Although Jennifer Saunders didn’t actually mention the sitcom Let Them Eat Cake (1999) in her memoir Bonkers, reading it did inspire me to finally get around to buying this series on DVD, as part of my ongoing arm-chair exploration of the 18th Century.
This short-lived series sees Saunders playing ‘Colombine de Vache’, a conniving Comtesse residing in the Palace of Versailles circa 1782, where she finds herself enjoying and/or enduring various farcical misadventures, along with her bawdy maid ‘Lisette’ (Dawn French), and snooty stylist ‘Bouffant’ (Adrian Scarborough). Alison Steadman co-stars as Columbine’s detested nemesis ‘Madame de Plonge’, accompanied by Lucy Punch as her naive daughter ‘Eveline’, while Elizabeth Berrington has a recurring role as the Austrian-accented ‘Marie Antoinette’ (aided by Julian Rhind-Tutt as her tetchy translator). The supporting cast also included Maggie Steed as an acclaimed portrait painter (ep #1.3)… Susie Lindeman as a random Marquise fretting over her reputation (ep #1.4)… Kathy Burke as Colombine’s estranged sister ‘Cecile’ (ep #1.4)… plus Linda Spurrier and Margaret Whiting as two excitable ‘Aristocratic Women’ (Eps #1.2/4/6). Bless ’em.
Fun fact: This was one of Punch’s first professional gigs after leaving college, and working with French & Saunders was a formative experience for the young actress, according to an interview she gave to The L.A. Times in 2011: “They had a total lack of vanity and embarrassment in the name of comedy, and I think I learned that from them… I’m not ashamed to look like a total idiot.” So, apparently we have Cake to thank for all of her gloriously unhinged comedy performances since then! Hurrah!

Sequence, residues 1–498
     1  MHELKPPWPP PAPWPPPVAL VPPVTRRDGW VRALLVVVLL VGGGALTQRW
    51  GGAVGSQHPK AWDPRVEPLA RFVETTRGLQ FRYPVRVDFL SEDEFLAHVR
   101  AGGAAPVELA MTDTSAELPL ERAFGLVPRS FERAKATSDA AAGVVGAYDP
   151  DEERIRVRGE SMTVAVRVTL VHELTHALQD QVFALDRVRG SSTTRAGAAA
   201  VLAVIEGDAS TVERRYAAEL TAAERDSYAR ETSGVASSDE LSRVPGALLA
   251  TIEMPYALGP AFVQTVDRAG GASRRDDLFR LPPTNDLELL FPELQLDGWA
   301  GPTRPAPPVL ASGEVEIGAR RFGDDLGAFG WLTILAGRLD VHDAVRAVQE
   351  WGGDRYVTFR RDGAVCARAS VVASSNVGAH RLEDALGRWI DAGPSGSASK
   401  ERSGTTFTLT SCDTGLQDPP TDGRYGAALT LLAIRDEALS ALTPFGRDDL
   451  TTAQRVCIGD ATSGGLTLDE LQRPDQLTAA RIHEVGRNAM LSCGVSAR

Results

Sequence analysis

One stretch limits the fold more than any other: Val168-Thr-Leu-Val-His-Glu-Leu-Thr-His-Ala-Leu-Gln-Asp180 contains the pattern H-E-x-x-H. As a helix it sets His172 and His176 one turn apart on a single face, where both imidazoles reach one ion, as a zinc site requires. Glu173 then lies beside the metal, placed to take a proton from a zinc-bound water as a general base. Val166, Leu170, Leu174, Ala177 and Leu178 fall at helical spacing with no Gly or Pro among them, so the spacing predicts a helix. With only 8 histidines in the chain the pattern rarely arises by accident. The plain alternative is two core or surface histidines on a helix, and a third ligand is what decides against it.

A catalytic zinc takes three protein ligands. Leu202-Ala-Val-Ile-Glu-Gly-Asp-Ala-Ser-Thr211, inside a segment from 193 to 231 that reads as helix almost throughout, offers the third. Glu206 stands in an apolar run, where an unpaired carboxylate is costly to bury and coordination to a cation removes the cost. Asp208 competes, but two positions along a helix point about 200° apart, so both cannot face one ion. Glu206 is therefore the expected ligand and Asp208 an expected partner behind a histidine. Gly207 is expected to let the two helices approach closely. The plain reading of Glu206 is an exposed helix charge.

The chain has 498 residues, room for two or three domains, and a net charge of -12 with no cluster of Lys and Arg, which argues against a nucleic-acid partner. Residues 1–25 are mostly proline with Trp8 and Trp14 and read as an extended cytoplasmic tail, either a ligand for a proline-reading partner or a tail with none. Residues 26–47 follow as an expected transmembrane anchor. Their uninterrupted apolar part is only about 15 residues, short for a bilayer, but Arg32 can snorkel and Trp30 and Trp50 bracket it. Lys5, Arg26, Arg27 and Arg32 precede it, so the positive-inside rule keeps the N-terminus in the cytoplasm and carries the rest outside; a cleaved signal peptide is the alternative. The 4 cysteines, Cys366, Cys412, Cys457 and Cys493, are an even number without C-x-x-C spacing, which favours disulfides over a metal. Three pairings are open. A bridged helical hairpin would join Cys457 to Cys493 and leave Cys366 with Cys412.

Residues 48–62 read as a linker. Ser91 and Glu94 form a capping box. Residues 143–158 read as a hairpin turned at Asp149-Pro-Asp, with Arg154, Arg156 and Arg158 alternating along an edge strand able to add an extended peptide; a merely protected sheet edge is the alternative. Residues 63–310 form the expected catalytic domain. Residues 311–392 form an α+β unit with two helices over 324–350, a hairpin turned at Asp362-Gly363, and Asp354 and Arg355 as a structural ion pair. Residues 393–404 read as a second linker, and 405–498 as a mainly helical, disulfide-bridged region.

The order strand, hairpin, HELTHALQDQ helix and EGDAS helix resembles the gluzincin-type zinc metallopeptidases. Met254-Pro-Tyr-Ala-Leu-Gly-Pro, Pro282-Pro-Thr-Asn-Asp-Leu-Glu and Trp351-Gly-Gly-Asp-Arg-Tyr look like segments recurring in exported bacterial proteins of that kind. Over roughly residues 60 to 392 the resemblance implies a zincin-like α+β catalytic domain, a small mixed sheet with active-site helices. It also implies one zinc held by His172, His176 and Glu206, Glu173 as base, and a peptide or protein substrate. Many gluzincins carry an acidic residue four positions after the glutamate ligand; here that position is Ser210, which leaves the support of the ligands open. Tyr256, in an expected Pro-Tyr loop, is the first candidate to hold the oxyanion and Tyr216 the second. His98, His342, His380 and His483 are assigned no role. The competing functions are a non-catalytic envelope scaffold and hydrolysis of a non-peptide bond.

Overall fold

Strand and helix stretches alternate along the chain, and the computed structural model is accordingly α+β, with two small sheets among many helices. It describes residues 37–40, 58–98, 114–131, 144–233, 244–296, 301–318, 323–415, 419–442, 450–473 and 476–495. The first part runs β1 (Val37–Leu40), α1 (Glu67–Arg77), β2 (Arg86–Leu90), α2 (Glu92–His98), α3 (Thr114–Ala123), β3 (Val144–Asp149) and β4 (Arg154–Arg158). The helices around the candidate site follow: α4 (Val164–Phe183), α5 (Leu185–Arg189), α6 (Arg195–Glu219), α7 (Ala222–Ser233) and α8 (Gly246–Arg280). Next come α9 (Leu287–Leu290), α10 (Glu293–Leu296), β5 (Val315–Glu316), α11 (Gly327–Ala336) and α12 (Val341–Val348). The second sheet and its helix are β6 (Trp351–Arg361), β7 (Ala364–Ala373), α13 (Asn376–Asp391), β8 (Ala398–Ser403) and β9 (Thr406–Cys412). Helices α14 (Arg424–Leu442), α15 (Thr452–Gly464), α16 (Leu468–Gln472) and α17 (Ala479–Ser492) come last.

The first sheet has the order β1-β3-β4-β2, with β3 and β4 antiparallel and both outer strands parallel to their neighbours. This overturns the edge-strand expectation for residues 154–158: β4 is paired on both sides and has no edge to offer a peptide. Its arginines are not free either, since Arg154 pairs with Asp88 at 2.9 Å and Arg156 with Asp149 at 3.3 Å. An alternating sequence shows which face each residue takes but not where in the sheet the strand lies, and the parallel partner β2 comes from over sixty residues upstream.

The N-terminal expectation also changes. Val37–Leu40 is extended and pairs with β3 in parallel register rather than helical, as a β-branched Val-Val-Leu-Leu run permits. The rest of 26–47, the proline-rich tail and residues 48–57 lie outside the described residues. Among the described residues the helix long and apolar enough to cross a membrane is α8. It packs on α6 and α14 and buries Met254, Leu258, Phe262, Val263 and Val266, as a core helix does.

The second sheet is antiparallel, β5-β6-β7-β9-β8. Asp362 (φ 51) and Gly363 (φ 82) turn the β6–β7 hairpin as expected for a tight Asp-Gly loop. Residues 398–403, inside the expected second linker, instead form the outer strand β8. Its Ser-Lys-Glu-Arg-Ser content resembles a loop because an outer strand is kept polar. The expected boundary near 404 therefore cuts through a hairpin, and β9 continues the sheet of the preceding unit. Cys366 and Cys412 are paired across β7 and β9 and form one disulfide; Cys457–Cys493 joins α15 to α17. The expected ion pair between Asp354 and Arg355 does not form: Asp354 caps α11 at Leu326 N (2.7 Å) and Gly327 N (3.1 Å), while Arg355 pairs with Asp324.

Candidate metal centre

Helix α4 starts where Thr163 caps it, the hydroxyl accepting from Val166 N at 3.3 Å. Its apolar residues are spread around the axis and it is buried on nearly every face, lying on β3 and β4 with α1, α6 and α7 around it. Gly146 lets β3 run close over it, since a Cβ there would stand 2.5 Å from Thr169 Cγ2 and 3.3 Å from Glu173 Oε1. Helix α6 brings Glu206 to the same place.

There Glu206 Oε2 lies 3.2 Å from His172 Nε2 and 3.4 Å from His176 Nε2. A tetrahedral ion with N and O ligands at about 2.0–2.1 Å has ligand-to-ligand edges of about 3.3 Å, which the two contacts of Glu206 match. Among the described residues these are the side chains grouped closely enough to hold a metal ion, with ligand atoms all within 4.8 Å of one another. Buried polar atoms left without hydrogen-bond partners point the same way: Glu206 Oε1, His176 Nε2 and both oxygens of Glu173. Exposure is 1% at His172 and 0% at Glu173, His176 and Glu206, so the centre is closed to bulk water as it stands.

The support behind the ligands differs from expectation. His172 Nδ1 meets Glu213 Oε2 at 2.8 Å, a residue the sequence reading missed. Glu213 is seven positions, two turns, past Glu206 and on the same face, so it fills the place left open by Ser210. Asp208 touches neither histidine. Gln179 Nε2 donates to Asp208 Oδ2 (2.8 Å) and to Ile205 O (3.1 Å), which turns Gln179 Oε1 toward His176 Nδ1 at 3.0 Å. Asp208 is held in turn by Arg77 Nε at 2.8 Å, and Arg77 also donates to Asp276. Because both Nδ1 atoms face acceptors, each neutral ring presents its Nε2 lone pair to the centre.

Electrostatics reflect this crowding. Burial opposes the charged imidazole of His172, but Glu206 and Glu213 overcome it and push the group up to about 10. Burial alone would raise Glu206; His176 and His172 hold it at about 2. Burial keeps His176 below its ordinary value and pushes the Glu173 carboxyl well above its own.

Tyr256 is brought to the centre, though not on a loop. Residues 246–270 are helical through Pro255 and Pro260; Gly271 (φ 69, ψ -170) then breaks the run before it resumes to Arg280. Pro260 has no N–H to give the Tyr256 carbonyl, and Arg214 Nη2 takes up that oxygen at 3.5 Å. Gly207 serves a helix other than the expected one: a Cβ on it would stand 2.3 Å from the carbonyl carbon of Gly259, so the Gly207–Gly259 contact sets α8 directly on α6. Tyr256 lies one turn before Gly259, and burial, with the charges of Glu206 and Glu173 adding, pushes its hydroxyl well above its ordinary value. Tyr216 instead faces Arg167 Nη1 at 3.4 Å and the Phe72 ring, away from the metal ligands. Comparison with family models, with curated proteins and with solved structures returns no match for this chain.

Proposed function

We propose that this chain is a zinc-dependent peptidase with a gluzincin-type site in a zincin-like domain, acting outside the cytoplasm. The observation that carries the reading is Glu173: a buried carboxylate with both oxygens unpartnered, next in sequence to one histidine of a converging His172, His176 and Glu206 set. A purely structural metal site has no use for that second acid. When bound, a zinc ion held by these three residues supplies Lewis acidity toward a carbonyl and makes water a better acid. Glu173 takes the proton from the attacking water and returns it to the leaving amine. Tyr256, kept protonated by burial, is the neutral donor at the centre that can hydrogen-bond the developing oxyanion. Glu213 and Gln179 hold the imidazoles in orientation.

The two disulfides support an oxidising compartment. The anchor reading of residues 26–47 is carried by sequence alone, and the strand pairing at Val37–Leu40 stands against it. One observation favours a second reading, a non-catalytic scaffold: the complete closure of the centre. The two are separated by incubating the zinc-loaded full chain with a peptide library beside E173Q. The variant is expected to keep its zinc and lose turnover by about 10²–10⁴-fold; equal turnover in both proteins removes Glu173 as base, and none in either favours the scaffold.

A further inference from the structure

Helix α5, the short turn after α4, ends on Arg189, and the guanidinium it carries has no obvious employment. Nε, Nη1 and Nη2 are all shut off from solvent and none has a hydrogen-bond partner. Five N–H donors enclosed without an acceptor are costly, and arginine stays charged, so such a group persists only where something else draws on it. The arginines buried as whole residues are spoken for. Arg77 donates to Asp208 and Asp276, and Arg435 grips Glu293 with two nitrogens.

Of course, the shadow of Blackadder looms large over this series (particularly Blackadder the Third, which is set in roughly the same period), and it’s impossible not to compare the two… I think Cake is probably a little more juvenile than its forebear, with characters self-consciously mangling the French language and making winking references to “these times” to underline the fact that they’re just modern English comedians mucking about in costume… it’s also rather more racy and grotesque (the second episode, appropriately titled “Murder”, is particularly bloody), but seemed to have a much higher budget, if the gorgeous faux-exterior set used for the “poor part of town” is any indication (I do love the sight of a Tudor-style half-timbered building on screen!). Cake might not be quite as painstakingly crafted and quotable as Blackadder was, but I still found it extremely funny, and would gladly recommend it to anyone who enjoys a slightly silly/dirty laugh… it’s just a shame that it seems to have fallen through the cracks, and been forgotten by both the BBC, and one of its headline stars!
P.S. The “song” that plays over the closing credits kinda sounds like the Mediaeval Baebes having a breakdown… but I mean that as a compliment!